On 5 June 2013, the Australian Law Reform Commission
(ALRC) released a Discussion Paper for its
'Copyright and the Digital Economy' inquiry containing 42
proposals to reform the Copyright Act 1968 (Cth)
(the Discussion Paper). The ALRC's final paper
is due by 30 November, 2013.
In summary, the ALRC has proposed:
The introduction of a fair use exception to copyright
The removal of statutory licensing;
Amending current provisions relating to retransmission of
broadcasts to extend to retransmission over the internet; and
That agreements that contract out of certain copyright
exemptions will have no effect.
Fair use exception
The proposed fair use exception will expressly state that fair
use of copyright material does not infringe copyright. It will
include non-exhaustive lists of:
Factors for determining "fair use":
Purpose and character of use
Nature of copyright material
Amount and substantiality of the part of the copyright material
Effect of use on potential market or value of copyright
Illustrative uses or purposes that may qualify as fair uses:
"(a) research or study;
(b) criticism or review;
(c) parody or satire;
(d) reporting news;
(f) private and domestic;
(h) education; and
(i) public administration."
The ALRC has also proposed that the fair use exception should be
applied to determine whether the following uses infringe
Professional advice (not listed as an illustrative use)
Back-up and data recovery (not listed as an illustrative
"Transformative use" (i.e. that a certain use of a
work does not infringe the owner's copyright due to the public
interest in the usage (not listed as an illustrative use)
Use of an "orphan work" (i.e. a copyrighted work for
which the copyright owner cannot be identified or contacted) (not
listed as an illustrative use).
It is also proposed that the statutory licensing schemes be
removed and replaced with voluntarily negotiated licences for
governments, educational institutions, and institutions assisting
persons with a print disability.
Broadcasting-retransmission of free-to-air broadcasts
Section 10 of Copyright Act 1968 (Cth) defines a
retransmission as a retransmission of a broadcast, where the
content of the broadcast is unaltered and either simultaneous with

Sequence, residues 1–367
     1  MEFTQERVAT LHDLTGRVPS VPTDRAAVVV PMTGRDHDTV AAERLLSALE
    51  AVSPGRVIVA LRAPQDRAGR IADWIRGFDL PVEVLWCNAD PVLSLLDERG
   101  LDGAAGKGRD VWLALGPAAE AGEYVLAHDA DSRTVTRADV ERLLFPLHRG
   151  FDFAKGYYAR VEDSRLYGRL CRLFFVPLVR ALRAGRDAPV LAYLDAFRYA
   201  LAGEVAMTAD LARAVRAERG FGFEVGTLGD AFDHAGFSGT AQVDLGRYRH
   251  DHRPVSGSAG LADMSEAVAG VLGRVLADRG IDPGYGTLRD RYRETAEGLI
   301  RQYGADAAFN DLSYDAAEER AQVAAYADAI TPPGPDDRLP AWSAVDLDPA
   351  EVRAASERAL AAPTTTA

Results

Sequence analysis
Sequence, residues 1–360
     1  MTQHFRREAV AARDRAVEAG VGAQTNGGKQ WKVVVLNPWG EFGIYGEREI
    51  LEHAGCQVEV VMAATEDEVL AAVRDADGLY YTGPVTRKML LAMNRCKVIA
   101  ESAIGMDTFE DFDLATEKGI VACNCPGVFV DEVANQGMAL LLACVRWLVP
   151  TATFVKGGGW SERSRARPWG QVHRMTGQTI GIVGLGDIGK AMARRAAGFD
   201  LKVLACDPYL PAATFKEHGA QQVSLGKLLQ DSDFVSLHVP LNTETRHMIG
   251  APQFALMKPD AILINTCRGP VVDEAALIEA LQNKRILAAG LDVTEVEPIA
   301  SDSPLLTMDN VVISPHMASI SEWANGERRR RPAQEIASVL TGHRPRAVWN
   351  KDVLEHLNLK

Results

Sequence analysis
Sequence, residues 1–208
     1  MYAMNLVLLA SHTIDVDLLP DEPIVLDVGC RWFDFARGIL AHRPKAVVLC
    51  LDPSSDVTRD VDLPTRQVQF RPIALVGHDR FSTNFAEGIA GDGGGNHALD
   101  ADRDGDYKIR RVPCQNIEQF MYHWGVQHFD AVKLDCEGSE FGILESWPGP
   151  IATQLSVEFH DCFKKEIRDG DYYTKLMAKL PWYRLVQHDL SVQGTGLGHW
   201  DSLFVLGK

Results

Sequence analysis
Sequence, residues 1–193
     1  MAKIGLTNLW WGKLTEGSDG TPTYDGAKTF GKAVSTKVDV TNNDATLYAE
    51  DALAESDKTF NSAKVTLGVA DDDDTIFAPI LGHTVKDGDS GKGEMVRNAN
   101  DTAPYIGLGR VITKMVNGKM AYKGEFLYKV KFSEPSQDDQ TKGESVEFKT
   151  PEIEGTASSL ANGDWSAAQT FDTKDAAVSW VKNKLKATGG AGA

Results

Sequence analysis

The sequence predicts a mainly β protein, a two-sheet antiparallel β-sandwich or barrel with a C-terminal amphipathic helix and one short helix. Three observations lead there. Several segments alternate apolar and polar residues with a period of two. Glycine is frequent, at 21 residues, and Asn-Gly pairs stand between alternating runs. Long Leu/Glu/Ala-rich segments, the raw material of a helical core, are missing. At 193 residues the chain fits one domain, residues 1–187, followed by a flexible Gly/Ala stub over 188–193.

the original transmission or delayed until no later than the
equivalent local time. Retransmission without the permission of the
original broadcaster does not infringe copyright in broadcasts, by
virtue of provisions contained in the Broadcasting Services Act
1992 (Cth). In particular, section 212 of the Act provides
that no "action, suit or proceeding lies against a
person" in respect of the retransmission by the person of
certain television and radio programs. However, the retransmission
must be within the licence area of the broadcaster or, if outside
the licence area, with the permission of the Australian
Communications and Media Authority (ACMA).
The ALRC has proposed two options for amending the current
provisions relating to retransmission of free-to-air broadcasts.
The first option is to repeal the exception to broadcast copyright
provided by the Broadcasting Services Act 1992 (Cth) and
the statutory licensing scheme applying to the retransmission of
free-to-air broadcasts. This would leave the extent and
remuneration of retransmission entirely to negotiation between the
parties (i.e. broadcasters, retransmitters and underlying copyright
The other option is that the exception to broadcast copyright
provided by the Broadcasting Services Act 1992 (Cth), and
applying to the retransmission of free-to-air broadcasts, should be
repealed and replaced with a statutory licence.
Limitation on contracting out
It is also proposed that an agreement that excludes or limits
the following copyright exceptions should have no effect:
Exceptions for libraries and archives
Fair use or fair dealing exceptions that apply to use for
research or study, criticism or review, parody or satire, reporting
news, or quotation.
Should you require any further information on the ALRC
discussion paper, please do not hesitate to contact us.
The content of this article is intended to provide a general
guide to the subject matter. Specialist advice should be sought
about your specific circumstances.
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